Rewind Review: Frozen (2010)


As those who know me, and if such a person exists, cyberstalk me, know I created this blog after writing on another site, which shall remain nameless, for a while. The point is, I have material sitting around waiting to be re-used on occasion I will re-post them here. Some of those articles or reviews may have been extemporaneous at the time but are slightly random now, hence the new title and little intro, regardless enjoy!

Frozen (2010)

Frozen is a suspense/horror film which speculates on what may happen if three twenty-something friends were caught on a ski lift overnight. Despite playing to favorable and classically hyperbolic reactions at Sundance this film, despite its promise, is deeply flawed. There are spoilers herein.
The three protagonists Parker (Emma Bell), Joe (Shawn Ashmore) and Dan (Kevin Zegers) are well set up in the beginning portion of this film, however, that beginning is too protracted and talky especially considering the plot and the nature of it.

The concept of the film is not the film’s downfall. The fact that these three get caught on the ski lift overnight is, in fact, a good concept which is not fully explored and those parts which are explored aren’t very well executed. One means for escape is never attempted and the first attempted was bound to fail based on how it was done. Joe jumps from the lift, abandons his snowboard but still tries to land on his feet, which was bound to break his legs.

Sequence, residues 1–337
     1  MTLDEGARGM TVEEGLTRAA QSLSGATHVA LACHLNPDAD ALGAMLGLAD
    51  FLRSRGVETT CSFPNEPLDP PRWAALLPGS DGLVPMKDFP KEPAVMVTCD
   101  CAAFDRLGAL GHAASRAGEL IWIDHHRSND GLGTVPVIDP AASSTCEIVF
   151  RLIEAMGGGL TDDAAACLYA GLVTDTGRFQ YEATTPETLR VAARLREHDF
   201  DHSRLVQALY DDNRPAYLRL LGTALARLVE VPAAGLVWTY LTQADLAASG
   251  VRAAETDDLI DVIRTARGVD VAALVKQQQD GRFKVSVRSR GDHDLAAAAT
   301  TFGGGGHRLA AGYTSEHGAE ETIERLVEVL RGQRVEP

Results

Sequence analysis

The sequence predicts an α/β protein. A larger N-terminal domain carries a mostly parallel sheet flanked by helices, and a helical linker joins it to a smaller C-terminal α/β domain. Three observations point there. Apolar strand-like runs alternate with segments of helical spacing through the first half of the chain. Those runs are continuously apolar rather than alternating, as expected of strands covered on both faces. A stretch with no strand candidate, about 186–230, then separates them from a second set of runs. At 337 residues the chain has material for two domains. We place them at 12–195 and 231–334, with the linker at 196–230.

Considering the film is called Frozen, the most the characters ever suffer is low-grade frostbite and not hypothermia as you might expect and furthermore the deaths are not due to the elements but wolf attacks. This acts sort of as the opposite of a deus ex machina, wherein the characters’ destruction is brought about by a seemingly divine, or demonic, plot element randomly thrown into the mix.

So far as the cast is concerned the expression “two out of three ain’t bad” comes to mind. Emma Bell seems to be trying too hard in this part and goes over-the-top in her more emotional scenes. Kevin Zegers isn’t there very long but is serviceable when he is there leaving the standout and ‘the glue’ as Shawn Ashmore who did quite well but even his best efforts can’t keep this thing together.

After being trapped conversations the characters are engaged in are far too distracted from the situation to be believable. They seemingly forget the very real situation they are in for much too long. Breaking some of the backstory – filling up with quiet or renewed panic would’ve been better.

The characters in this story were placed in a situation with really only three outs and they only tried two. They could’ve been put in a slightly more advantageous situation. Despite the claustrophobia and occasional tension the film does build it is all torn down by the missteps along the way.

Despite a well-intentioned effort at a different kind of suspense tale Frozen is tepid at best.